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Patents >> Patent Troll Activity Likely to Continue to Rise

October 6, 2020

For nearly half a decade, patent troll suits have been on the decline. Indeed, as we reported last year, the Supreme Court has gone out of its way to curb the worst patent troll abuses in order to protect innovators and call the viability of many patent troll litigations into question. This started in 2014, with the seminal Alice v. CLS Bank (Alice) decision that questioned the patent eligibility of certain software and business methods. Then in 2018, the Supreme Court took aim at forum shopping by patent plaintiffs in TC Heartland v. Kraft Foods (TC Heartland). These two cases led to an overall decline in patent troll lawsuits over a period of years.

However, developments from the Federal Circuit in 2019 introduced some uncertainty into the patent landscape, providing an opportunity for patent trolls to bring and maintain their litigations. For example, In Cellspin Soft v. Garmin USA (Cellspin), Garmin won its motion to dismiss the case on the ground that Cellspin Soft’s patent for uploading data from a device, such as a GPS tracker, was too abstract as a pure matter of law and, therefore, should be invalidated. However, the Federal Circuit court disagreed, holding that the patent eligibility analysis under Alice presented questions of fact.

The case followed similar decisions from the court in Berkheimer v. HP and Aatrix Software v. Green Shades (Berkheimer), refusing to invalidate patents covering abstract ideas or intangible embodiments and showing a growing trend toward disallowing patent eligibility claims to be decided at the motion to dismiss or summary judgment stage.

Despite hopes that the Supreme Court would provide additional guidance on Alice or TC Heartland, the Court has refused to take on cases addressing these issues. In January 2020, the Court denied the petitions for certiorari in Cellspin and Berkheimer, as well as several other patent eligibility cases, signaling that the Court is disinterested in providing additional clarity on these issues, or is hoping that Congress will address the issue through the legislative process. Draft bills introduced in Congress last year to codify and reform patent eligibility were also unsuccessful.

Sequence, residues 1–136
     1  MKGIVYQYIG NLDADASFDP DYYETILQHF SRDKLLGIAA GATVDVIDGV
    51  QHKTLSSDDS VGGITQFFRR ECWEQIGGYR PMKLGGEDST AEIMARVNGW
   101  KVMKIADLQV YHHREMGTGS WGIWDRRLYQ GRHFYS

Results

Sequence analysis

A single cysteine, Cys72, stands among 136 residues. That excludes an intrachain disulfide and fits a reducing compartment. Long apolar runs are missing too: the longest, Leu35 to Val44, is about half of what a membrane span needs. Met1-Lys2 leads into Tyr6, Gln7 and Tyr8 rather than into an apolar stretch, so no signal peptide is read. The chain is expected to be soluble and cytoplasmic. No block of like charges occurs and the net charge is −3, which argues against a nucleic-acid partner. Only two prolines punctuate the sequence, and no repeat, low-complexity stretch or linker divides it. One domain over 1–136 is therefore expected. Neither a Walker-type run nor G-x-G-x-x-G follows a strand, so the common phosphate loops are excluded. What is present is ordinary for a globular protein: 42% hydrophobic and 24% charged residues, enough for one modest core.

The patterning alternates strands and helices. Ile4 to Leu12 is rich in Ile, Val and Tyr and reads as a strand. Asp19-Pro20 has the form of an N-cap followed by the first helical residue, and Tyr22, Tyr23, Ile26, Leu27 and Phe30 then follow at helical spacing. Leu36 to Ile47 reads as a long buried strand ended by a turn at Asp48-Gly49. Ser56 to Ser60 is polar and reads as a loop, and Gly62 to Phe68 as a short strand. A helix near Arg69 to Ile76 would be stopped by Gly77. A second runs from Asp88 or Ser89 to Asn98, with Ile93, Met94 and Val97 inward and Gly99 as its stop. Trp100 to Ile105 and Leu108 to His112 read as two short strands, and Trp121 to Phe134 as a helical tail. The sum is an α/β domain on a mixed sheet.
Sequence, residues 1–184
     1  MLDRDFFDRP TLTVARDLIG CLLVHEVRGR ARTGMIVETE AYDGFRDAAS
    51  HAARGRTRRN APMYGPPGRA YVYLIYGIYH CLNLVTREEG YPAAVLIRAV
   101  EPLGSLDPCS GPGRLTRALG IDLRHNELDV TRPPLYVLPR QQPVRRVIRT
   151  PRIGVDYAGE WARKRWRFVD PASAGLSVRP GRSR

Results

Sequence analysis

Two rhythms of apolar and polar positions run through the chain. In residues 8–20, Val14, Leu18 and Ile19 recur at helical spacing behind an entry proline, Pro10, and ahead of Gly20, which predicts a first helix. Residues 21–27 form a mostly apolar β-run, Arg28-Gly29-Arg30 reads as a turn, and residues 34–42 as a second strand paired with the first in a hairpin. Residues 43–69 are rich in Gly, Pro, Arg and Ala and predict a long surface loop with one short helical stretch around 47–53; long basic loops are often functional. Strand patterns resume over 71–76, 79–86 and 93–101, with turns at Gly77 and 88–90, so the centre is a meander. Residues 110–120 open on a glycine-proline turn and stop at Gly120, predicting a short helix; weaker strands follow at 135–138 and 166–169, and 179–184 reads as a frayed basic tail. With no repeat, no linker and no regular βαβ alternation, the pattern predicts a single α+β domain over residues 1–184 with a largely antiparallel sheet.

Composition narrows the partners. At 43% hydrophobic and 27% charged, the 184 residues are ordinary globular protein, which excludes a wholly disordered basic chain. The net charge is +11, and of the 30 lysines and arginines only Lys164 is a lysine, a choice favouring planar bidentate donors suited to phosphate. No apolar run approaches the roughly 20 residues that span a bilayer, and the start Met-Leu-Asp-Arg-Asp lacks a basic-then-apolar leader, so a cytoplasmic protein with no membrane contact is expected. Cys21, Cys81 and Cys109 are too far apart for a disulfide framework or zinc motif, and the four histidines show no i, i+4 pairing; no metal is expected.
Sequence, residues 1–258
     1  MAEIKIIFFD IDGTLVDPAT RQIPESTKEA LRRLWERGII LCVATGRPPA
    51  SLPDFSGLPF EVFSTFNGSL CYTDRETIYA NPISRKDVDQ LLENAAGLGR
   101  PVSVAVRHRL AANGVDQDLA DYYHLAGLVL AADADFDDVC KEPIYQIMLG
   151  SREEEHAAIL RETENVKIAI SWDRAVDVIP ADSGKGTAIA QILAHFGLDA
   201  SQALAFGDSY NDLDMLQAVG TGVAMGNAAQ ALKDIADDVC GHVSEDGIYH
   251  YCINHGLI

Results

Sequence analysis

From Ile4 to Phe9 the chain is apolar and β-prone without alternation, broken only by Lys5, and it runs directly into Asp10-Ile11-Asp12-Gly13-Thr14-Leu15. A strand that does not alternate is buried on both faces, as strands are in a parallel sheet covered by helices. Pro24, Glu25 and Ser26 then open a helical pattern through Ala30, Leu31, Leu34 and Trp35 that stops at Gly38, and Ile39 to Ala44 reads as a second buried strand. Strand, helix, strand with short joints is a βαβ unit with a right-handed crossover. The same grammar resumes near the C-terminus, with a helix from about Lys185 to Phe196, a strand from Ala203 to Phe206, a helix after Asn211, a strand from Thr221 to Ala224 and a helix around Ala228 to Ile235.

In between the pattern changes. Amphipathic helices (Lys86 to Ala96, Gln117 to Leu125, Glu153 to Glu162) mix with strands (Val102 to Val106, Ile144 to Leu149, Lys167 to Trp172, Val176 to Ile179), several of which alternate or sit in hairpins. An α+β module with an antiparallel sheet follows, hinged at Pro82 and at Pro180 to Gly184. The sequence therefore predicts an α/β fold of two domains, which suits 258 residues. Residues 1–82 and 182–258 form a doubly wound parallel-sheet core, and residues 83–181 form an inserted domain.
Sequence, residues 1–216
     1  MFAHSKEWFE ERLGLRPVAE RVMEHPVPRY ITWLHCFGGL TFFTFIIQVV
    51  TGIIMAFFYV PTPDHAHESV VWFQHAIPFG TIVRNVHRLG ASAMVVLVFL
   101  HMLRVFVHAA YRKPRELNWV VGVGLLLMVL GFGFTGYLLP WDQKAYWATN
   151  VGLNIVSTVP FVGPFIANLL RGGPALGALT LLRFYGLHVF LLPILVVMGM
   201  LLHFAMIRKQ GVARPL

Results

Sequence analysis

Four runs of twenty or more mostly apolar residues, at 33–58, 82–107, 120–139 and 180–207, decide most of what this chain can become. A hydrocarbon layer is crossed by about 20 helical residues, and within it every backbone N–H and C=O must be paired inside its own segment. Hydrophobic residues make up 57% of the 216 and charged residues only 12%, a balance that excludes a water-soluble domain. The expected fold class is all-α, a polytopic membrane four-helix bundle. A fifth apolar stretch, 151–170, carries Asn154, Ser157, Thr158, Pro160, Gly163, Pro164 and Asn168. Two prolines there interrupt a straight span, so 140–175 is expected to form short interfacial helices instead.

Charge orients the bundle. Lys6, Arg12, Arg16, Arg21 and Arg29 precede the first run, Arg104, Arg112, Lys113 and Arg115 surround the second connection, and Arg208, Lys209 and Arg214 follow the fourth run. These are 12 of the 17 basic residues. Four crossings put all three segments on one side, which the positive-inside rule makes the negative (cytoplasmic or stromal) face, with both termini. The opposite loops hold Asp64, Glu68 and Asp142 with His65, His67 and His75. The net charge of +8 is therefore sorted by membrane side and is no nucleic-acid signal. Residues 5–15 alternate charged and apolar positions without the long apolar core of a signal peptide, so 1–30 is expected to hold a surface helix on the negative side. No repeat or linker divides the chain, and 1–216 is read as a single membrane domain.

In this environment of uncertainty, patent trolls have gained momentum in 2020, and the COVID-19 pandemic and resulting economic upheaval has done little to deter patent suits. In fact, non-practicing entities have exploited the boom in Covid-related innovation. In the first few months of the pandemic, patent trolls targeted technology and healthcare companies responding to the crisis, with the makers of tests and ventilators among those facing patent suits. Although public backlash led some patent plaintiffs to voluntarily drop their claims and offer royalty-free licenses for COVID-19-related uses, the specter of patent litigation presents an ongoing concern for companies involved in pandemic response efforts, and innovators across all sectors.

Key Takeaways:

  • The ability to quickly dismiss a patent troll lawsuit under Alice and TC Heartland has been curtailed, which may lead to increased costs in defending claims.
  • COVID-19 has not slowed the tide of patent troll suits, which have continued to be filed at a steady pace.
  • Companies should establish a comprehensive strategy to manage patent risk, including filing for and enforcing patents, identifying and clearing patent risks, instituting contractual strategies for risk-shifting, and defending allegations of patent infringement.